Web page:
This week, we're reading selections from Intercourse, by Andrea Dworkin (referenced in at least one, if not both, of the Atlantic articles from last week), This Sex Which Is Not One, by Luce Irigaray, and if we have time, the last chapter of James Joyce's Ulysses.
"The men are tortured in their minds by the meaning of being naked, especially by the literal nakedness of women but also by their own nakedness: what it means to be seen and to be vulnerable. [...] The women are at ease being naked. ...being naked does not unnerve or expose her. [...] Men's nakedness is unbearable to them without the nakedness of a woman; men need women to survive their own nakedness" (40-41).Dworkin maintains that men's inability to reconcile their nakedness is due to their obsession with identity. Men are self-absorbed; therefore, their sex is wrapped up in abstraction, in looking without touching, in thinking rather than feeling. Men can't really touch because touch is real, and what is real may not be what the man wants. Since men can't really touch, they can never really dissolve their skin, lose their boundaries, and fuse with another person. Throughout the chapter Dworkin examines these ideas in the work of author Kobo Abe, and one of her examples is a man who barricaded a woman in a house with him and shut off the electricity so that in the dark, as long as he didn't touch her, he could pretend she was naked and be comforted, because:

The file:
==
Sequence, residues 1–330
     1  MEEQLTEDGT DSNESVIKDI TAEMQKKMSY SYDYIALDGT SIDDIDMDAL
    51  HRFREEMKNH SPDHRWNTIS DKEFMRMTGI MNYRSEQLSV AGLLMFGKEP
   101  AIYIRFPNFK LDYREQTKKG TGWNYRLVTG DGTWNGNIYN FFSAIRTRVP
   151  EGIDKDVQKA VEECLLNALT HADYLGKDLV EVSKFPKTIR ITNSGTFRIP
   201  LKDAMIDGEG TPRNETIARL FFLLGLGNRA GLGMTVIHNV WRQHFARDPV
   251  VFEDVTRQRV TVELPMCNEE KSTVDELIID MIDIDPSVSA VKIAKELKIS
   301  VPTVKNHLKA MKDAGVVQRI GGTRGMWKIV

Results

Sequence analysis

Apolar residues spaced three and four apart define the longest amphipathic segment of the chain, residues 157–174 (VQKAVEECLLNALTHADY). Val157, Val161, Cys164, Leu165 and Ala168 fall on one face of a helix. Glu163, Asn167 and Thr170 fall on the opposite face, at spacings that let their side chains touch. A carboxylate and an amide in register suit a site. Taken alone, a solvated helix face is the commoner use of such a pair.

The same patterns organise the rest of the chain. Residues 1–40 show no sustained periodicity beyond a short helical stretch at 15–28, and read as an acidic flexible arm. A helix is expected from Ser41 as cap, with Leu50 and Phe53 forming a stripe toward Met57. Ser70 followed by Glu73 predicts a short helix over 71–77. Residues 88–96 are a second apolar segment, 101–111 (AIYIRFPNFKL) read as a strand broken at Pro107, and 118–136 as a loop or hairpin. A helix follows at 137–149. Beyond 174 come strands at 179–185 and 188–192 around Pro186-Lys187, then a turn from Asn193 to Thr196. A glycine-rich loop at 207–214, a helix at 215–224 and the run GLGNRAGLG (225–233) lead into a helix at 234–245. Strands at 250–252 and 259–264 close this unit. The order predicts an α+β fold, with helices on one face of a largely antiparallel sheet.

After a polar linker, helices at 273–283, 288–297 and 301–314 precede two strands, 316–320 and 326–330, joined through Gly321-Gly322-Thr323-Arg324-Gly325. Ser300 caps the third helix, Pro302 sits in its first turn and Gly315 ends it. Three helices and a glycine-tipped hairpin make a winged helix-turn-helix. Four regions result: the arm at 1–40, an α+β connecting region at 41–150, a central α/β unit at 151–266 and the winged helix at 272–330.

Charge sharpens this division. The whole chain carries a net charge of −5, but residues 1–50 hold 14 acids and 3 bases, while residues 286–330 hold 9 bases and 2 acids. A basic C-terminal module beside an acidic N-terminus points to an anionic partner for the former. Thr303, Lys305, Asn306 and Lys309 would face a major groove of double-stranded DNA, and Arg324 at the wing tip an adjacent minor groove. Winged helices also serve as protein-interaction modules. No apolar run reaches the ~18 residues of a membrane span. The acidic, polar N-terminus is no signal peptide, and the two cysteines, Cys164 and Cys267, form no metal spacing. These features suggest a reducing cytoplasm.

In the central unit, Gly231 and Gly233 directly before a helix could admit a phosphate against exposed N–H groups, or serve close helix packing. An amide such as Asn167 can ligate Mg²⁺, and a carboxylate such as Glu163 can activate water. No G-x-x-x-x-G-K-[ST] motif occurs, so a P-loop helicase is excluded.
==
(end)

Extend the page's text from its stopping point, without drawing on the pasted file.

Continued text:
"The women are the escape route from mental self-absorption into reality: they are the world, connection, contact, touch, feeling, what is real, the physical, what is true outside the frenetic self-involvement of the men, the convulsions of their passionate self-regard" (42).